Significant increase in risk of displacement in East Jerusalem

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Recent developments in East Jerusalem highlight the coercive environment affecting many Palestinian residents of the city. Four recently-advanced settlement plans in Sheikh Jarrah neighbourhood threaten with eviction over 70 Palestinian residents. In total, at least 260 Palestinians living in 24 residential buildings in the area are under threat of eviction in cases brought against them by Israeli settler organizations, the General Custodian and/or Israeli individuals.[8] The number of demolitions of homes and other structures – another key pressure on Palestinians in East Jerusalem – is almost as high as in 2016, which saw the highest number of demolitions since 2000. In July, the Israeli Prime Minister gave his support to a plan that would absorb a number of West Bank settlements into the Jerusalem municipality while administratively separating Palestinian localities beyond the Barrier from the municipality, dramatically altering the city’s demographic composition.[9]

Whether as a result of a demolition or an eviction, displacement generates humanitarian need: it deprives people of their homes, disrupts their livelihoods and access to services, and often has a devastating psychosocial impact, particularly among children.

Settler activity in Palestinian residential areas

Shamasneh family’s home in East Jerusalem, following the eviction, 11 August 2017. © Photo by OCHA.

Israeli settlers are targeting densely populated Palestinian residential areas of East Jerusalem, in particular the Muslim and Christian quarters of the Old City, Silwan, Sheikh Jarrah, At-Tur (Mount of Olives), Wadi Joz, Ras al-Amud and Jabal Mukabbir. Over 3,000 Israeli settlers now reside in these areas, either in houses expropriated using the Absentee Property Law on the basis of alleged prior Jewish ownership, in buildings purchased from Palestinian owners, or in residences custom built and financed by settler organizations.[10] The impact on Palestinian areas includes restrictions on public space, residential growth and freedom of movement, along with increased friction and violence. In the most severe cases – in the Old City, Silwan and Sheikh Jarrah – settler expropriation has resulted in loss of property and the eviction of long-term Palestinian residents.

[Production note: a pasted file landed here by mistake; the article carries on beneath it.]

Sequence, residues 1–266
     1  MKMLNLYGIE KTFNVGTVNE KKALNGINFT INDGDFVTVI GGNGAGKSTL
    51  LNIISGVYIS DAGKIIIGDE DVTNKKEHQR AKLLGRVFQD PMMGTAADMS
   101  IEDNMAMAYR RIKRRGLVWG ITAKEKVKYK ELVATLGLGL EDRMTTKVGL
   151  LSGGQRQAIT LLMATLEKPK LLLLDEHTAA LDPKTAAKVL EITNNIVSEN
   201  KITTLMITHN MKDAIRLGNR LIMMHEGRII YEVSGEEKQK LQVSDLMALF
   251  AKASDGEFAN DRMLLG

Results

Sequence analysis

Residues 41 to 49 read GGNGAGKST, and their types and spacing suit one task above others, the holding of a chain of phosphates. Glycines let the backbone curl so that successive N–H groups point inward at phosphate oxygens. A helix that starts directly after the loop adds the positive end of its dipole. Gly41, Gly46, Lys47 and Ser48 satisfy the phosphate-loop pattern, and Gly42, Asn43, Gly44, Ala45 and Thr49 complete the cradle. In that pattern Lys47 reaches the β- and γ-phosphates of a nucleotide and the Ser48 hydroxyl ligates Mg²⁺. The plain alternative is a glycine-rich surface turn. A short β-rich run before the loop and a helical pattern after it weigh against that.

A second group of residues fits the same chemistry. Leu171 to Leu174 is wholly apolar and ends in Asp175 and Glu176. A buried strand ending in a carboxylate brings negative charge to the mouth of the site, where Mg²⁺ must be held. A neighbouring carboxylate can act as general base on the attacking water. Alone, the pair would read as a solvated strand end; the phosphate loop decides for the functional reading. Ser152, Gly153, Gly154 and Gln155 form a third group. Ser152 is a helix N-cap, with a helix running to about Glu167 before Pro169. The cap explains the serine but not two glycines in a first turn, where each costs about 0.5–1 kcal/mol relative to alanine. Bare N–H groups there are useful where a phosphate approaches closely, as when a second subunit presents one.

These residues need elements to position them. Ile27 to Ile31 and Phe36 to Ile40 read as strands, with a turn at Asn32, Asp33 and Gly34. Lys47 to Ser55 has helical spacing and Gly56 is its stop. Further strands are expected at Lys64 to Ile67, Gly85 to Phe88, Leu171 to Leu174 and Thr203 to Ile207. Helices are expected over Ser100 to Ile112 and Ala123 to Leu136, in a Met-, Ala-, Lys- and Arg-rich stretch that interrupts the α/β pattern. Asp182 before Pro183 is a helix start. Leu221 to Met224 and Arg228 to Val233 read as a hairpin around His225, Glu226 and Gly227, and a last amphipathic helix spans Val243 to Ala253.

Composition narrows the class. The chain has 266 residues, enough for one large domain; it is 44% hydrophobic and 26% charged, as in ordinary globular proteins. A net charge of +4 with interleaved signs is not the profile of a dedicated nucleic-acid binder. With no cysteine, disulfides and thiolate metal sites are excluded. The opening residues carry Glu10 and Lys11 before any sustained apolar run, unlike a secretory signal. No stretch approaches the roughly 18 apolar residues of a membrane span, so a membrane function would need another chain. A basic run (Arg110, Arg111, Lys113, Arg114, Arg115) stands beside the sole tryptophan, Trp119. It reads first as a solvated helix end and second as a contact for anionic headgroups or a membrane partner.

The Sheikh Jarrah residential neighbourhood is a key target for settlement activity owing to its strategic proximity to the 1949 Armistice Line (Green Line) and to the Old City. The area is already the site of a number of Israeli government institutions, including the police and border police headquarters, the Ministry of Justice, and the national insurance building, which is currently under construction. The Shepherd Hotel was expropriated by the Israeli authorities in 1967: the final stages of a new settlement is underway on the site. On another plot of land in Sheikh Jarrah an office building has been constructed for the Amana Association, a settler organization (See map).[11]

In late 2008 and 2009, more than 50 Palestinians, including 20 children, were forcibly evicted by the Israeli authorities from their homes in the Karm al Jaouni area of Sheikh Jarrah .[12] based on claims the properties had been owned by Jewish individuals or associations prior to 1948. A 1970 Israeli law acknowledges such claims despite the fact that Jews who lost their properties during 1948 received compensation and alternative housing, primarily in neighbourhoods previously inhabited by Palestinians. The law does not permit Palestinians who owned land or property in areas before 1948 that are now part of the State of Israel and were declared ‘absentees’ to regain their former possessions.

Following the eviction of the Palestinian residents, the homes were immediately handed over to settler groups that already occupy several other buildings in the area. As of 31 August, a total of 23 households comprising around 100 people (30% of them children) have eviction cases filed against them by Israeli settler organizations. The eviction proceedings, in which the families are named as defendants, are primarily based on alleged non-payment of outstanding rent, the building of extensions without the required building permits, and claims that the families are responsible for disturbances and threatening behaviour against their neighbours. According to plans submitted to the Jerusalem municipality, the settlers ultimately intend to demolish all properties in this area to make way for a new Israeli settlement.

Settler organizations have also targeted Kubaniyat Im Haroun in the west of Sheikh Jarrah. There has been an ongoing ownership dispute in this area between the Palestinian residents and the Israeli Custodian General[14] acting on behalf of Israeli individuals who claim to have owned the land before 1948, and other Jewish owners. The majority of Palestinians residents in this area refugees living in generally dilapidated conditions with more than one nuclear family living in each house. A protracted legal battle came to an end in September 2010 when the Israeli Supreme Court ruled in favour of the Custodian General and other Jewish individuals. Concurrently, individual eviction cases have been filed against 35 households in the area with a population of 140 people of whom more than a third are children

Settlement plans in Kubaniyat Im Haroun pose threat of further evictions